Document Type

Honors Thesis

Degree Name

Bachelor in History

Date of Award

Fall 12-3-2014


From the late 1930’s to the final moments of 1941, ordinary citizens of the United States witnessed the illusion of an isolated nation shatter with the global presence of Axis Nations. The U.S. took the initiative in eliminating international threats before they reached U.S. borders, resulting in everyday men and women having to learn about war along the way with usually little to no experience. Scholars who study war and memory face the challenge to capture the entirety and significance of a veteran’s experience, even those of the family members. Though the sacrifice demanded much, memories fade or are suppressed; worse, scholars and media focus only on the war’s outcome and not the lasting effects of the conflict. Historian Susan Brewer argued that propaganda distorted the goings-on of World War II in favor of its alleged noble cause, leaving subsequent generations with inadequate information necessary to assess the war and its effects. The focus on unlocking these unexplored aspects of war then turns to the experiences of the men and women who served. Richard Clement is one of those faces. Born in Bay City, Texas, Clement served as a first generation celestial navigator in the United States Army Air Corps in the North African and European theaters during World War II. He then returned to the United States, where he adapted to the ever-changing technology of the Air Force during the early years of the Cold War era. Avoiding injury and death on multiple occasions, Major Clement learned from his experiences so that he could one day pass that information to a new generation of navigators, thus helping to blaze a trail for the future of the Air Force.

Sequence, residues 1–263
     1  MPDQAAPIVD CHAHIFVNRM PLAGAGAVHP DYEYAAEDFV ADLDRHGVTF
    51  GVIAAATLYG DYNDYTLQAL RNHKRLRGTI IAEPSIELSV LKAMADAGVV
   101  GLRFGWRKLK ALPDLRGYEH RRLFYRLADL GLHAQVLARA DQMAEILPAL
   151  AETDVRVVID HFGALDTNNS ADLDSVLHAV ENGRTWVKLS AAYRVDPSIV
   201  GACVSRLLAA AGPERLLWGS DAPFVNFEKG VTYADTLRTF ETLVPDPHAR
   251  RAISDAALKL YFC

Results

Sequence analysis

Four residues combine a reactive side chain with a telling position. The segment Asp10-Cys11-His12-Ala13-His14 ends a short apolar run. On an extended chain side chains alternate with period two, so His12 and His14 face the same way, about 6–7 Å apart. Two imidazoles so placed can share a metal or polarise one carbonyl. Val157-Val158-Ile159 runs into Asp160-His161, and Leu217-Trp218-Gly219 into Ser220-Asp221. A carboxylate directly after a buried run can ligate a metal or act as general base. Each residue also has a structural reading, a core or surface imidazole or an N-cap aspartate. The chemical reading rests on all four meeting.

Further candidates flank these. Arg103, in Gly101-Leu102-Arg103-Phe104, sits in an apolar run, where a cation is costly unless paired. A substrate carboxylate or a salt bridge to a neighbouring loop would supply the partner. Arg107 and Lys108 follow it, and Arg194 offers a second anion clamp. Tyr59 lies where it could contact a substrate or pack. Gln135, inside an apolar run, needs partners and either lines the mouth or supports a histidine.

Eric Gruver

Included in

History Commons